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States, feds divided over anonymous 911 calls for traffic stops

States, feds divided over anonymous 911 calls for traffic stops

State and federal courts have been divided in their opinions on whether police can pull over a car just because of an anonymous 911 call. Sometimes drivers are not paying attention and might make a slight mistake while driving, causing another driver to call 911 to report an alleged drunk or reckless driver.

The Supreme Court will hear a case this January to answer the question of whether police can pull a car over, solely based on a 911 call reporting a potential drunk or reckless driver, not with any corroboration by police of the person's actions. This ruling could have national effects and result in many more people being pulled over and subjected to police questioning.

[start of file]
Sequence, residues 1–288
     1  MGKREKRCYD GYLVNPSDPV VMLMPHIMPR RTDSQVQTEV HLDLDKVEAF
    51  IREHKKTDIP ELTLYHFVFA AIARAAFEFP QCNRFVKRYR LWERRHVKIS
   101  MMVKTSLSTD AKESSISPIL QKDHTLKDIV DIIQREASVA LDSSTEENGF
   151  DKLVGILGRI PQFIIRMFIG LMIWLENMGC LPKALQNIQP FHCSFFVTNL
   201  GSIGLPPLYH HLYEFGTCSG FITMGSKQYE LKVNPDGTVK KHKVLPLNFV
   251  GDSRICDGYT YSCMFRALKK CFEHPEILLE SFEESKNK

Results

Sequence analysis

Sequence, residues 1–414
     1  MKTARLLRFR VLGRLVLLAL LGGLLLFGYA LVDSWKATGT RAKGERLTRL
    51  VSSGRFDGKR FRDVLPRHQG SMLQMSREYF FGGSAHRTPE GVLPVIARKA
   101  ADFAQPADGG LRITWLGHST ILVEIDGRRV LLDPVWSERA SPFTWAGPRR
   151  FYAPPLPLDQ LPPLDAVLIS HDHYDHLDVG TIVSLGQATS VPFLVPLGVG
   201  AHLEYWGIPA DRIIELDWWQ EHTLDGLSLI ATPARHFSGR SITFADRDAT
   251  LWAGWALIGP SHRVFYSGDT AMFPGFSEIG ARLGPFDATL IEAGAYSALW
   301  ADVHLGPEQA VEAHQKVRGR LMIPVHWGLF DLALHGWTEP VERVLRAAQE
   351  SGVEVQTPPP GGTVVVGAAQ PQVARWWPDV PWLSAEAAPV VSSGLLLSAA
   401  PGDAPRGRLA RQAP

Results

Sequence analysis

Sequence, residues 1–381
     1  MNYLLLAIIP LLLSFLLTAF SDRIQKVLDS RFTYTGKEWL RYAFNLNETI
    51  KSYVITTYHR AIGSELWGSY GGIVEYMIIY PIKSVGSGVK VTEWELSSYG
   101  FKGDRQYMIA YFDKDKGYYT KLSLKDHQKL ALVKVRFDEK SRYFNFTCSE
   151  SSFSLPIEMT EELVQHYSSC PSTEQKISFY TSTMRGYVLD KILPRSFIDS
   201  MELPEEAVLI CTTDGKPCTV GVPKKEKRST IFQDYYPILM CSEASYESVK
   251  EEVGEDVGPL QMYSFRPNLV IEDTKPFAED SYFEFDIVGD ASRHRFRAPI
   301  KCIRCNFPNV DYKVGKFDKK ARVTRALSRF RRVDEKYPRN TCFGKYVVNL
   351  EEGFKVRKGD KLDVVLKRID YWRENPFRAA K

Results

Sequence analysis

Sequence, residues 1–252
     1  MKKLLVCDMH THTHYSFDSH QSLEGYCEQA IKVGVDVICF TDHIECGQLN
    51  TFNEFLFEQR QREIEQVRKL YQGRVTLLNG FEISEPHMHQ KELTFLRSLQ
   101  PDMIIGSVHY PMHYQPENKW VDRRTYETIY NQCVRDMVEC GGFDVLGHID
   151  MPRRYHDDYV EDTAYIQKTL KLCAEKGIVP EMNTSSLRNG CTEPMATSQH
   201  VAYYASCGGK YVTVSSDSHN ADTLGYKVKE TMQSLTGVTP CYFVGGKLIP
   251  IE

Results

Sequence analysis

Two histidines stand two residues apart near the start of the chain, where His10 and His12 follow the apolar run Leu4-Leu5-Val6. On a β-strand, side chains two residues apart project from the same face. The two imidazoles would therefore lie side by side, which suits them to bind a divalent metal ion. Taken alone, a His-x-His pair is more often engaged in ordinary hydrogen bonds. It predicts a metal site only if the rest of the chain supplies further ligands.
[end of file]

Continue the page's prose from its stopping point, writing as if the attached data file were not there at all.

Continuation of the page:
The case that will be heard before the Court in January is that of two men who were pulled over in another state because of an anonymous 911 call in which the caller gave an accurate description of the model, color and license plate of the vehicle. Police then pulled the car over and searched it after reportedly smelling marijuana.

The men later pleaded guilty after police say they found four bags of marijuana. The Supreme Court had previous declined to hear a case in which a high state court said that a 911 call alone was not enough to allow police to stop a vehicle.

Although this case doesn't involve New Jersey directly, a decision by the Supreme Court could affect how traffic stops and other drug crime cases are conducted across the country. Rulings can sometimes be narrow, only effecting a specific case, or broad where it changes how laws are interpreted across the country.

Source: Associated Press, "Court: Is anonymous tip enough for traffic stop?" Mark Sherman, Oct. 1, 2013

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